Looking at Diagram 1-B will tell you that discs of your colour that are adjacent to a corner (connected sideways) of your colour are stable too! Try and see if there is anyway for you to capture those black discs as a White player. Similarly, Diagram 1-C will show you that discs of your colour that are diagonally layered to a corner (follow the blue diagonal lines) of your colour are also stable! These two concepts will play a huge part in how to win a game effectively in the future.

The objective of the game is to obtain at least 33 discs of your colour at the end of the game to win. Having an early lead of a considerable number of discs surely would not hurt. In fact, the more the merrier and this can be done by obtaining corners!

Following the idea that corners are good, here is now the missing link between that idea and Rule Number One:
Diagram 1-D
Diagram 1-D above shows that if Black plays into the C-Squares or X-Squares in the game, you open up a possibility for your opponent (in this case White) to capture the respective corners by virtue of the rules of the game (needing to flip at least one opponent's disc per move). Generally, the earlier you give up a corner in the game to your opponent, the worse it gets.

Therefore, I repeat myself Rule Number One!
RULE NUMBER ONE:
Never, and I say never play into X-Squares or C-Squares at any point of the game unless you are really left with no other choice and quite essentially forced to do by virtue of the rules of the game. 
I really hate to impose rules to restrict anyone in their way of Othello, but if you are able to follow this number one rule closely for now, you should be able to see a difference in your games or at least be a tad difficult to be beaten now.
[Now please try to play 5 Othello games for practice purposes.]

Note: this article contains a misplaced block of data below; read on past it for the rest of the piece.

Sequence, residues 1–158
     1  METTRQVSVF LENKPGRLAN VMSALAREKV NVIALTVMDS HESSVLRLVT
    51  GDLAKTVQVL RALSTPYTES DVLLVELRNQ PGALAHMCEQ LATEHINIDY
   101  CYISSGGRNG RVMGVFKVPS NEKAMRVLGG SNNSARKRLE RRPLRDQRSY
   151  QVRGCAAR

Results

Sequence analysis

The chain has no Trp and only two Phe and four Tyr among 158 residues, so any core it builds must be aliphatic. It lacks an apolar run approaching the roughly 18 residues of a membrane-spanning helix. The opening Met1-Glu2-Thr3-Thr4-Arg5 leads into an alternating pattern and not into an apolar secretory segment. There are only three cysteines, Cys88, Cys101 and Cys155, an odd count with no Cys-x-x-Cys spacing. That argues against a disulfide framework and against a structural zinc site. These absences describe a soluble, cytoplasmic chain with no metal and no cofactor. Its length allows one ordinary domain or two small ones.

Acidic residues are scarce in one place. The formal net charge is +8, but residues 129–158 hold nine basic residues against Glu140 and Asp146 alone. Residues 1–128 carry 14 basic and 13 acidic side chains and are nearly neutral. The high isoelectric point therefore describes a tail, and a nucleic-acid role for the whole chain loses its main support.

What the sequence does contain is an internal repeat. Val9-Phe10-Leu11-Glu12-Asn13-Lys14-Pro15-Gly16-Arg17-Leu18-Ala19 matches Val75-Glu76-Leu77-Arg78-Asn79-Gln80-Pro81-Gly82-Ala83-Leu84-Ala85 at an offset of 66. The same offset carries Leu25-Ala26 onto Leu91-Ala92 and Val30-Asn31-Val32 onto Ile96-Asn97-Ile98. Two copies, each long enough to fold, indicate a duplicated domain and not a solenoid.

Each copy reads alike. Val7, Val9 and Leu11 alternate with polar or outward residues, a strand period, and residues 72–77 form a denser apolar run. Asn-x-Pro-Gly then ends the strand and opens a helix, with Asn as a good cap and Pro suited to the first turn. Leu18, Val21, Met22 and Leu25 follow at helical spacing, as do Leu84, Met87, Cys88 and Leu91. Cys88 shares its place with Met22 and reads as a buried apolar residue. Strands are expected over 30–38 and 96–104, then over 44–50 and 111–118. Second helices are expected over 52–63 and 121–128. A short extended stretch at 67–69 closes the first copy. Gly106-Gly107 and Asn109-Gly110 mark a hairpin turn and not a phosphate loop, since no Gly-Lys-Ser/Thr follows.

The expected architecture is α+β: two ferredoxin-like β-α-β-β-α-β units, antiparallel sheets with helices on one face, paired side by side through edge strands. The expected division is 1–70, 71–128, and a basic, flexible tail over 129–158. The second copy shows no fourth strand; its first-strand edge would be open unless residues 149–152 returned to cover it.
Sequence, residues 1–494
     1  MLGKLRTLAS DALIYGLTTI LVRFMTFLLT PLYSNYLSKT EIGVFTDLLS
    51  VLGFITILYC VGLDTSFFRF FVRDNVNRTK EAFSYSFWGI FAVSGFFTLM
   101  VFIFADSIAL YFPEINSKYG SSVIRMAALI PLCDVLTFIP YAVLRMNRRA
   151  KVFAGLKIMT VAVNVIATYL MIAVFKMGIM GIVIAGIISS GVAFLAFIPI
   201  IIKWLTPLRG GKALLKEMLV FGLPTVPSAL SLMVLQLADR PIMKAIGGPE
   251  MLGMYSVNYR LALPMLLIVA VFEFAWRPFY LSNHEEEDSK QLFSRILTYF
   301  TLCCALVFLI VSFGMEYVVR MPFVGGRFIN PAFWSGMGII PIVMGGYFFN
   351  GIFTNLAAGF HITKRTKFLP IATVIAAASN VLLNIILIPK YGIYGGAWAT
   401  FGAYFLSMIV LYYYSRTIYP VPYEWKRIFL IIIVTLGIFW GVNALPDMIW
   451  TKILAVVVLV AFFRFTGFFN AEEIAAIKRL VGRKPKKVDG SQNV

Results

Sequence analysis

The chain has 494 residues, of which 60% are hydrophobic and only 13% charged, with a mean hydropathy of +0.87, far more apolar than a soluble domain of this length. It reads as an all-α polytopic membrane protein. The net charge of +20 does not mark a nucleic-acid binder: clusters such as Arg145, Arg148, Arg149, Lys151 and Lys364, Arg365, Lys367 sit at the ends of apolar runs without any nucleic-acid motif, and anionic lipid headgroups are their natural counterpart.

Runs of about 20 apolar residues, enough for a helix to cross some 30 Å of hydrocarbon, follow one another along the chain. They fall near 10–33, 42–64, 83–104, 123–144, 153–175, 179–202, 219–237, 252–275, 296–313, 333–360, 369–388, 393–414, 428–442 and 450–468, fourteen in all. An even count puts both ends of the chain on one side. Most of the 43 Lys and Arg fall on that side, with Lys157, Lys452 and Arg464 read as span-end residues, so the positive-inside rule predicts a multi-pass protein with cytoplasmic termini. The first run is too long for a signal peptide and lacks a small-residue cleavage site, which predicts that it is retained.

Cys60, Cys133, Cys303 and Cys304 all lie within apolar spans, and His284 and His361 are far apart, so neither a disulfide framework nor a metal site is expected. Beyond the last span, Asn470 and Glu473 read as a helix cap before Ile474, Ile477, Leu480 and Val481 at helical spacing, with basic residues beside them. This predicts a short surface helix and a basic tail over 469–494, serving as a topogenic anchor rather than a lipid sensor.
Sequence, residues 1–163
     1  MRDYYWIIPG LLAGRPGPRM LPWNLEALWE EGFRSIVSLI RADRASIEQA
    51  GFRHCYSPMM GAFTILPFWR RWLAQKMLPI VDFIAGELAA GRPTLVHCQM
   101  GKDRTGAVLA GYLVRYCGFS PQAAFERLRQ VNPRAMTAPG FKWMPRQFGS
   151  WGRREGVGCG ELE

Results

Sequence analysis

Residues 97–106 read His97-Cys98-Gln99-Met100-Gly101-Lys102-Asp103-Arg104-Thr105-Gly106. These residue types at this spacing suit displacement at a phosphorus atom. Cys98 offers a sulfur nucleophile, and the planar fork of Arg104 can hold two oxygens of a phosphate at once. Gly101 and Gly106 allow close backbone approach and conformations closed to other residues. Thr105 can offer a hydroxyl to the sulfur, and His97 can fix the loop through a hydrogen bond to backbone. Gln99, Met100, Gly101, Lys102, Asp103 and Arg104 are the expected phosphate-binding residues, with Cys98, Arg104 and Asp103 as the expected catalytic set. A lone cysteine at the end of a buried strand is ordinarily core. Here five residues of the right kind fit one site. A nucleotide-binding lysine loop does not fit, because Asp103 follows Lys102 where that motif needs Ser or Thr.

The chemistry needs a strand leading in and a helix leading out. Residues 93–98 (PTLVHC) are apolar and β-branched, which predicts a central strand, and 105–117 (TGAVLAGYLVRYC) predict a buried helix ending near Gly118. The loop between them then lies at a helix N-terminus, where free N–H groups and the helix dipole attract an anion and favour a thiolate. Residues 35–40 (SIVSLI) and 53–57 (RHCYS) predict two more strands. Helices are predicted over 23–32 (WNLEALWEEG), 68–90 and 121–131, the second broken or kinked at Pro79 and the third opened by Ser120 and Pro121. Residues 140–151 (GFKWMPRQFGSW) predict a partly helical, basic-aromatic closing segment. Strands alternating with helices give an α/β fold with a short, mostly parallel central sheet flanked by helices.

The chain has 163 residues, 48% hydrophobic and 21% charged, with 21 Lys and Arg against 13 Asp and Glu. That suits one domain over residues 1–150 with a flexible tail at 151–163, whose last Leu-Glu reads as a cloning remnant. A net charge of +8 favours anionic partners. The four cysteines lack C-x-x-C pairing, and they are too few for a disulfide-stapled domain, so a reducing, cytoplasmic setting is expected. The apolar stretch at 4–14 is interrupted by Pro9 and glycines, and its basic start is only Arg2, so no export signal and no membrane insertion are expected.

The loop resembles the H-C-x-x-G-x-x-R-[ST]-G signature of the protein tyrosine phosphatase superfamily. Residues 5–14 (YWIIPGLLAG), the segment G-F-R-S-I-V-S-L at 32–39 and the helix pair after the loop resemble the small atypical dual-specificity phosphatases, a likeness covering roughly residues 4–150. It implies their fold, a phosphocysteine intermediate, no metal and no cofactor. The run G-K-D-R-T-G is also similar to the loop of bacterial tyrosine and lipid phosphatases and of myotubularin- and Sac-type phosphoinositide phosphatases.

Chapter Two: The Three Elements
Before we move into the key ideas here, we will first have to know what are Surface/Frontier Discs. They are the discs on the board which has at least one adjacent (vertical, horizontal or diagonal) empty square that can be played to. They are called surface discs because these discs are located on the surface or perimeter of the entire growing group of discs (including both black and white) in the game. 
Diagram 2-A                                         Diagram 2-B
In Diagram 2-A above, we can see that Black has a total of 5 Surface Discs (marked by green crosses). Similarly, in Diagram 2-B it is apparent that White has a total of 10 Surface Discs (marked by red crosses). Obviously, White has a much higher number of Surface Discs. Usually, the one with fewer surface discs, especially at the start of the game is the side which is winning.

RULE NUMBER TWO: 
More surface discs is BadFewer surface discs is Good !

EXPLANATION:
The idea that is being conveyed here requires some patience from all of us to understand.

Many people think that since the objective of the game is to have more discs of their colour at the end of the game, they should grab as many discs at the start as possible. In fact, the usual strategies of this group of people is they want to grab hold of all edges as much as possible in order to flip the most discs from end to end of the board as early as possible. This usually result in them having many surface discs. In fact, one too many surface discs.

If you think in a similar manner, you might be totally mistaken. Here's the time to change that mentality! Please let me help you think a bit more here.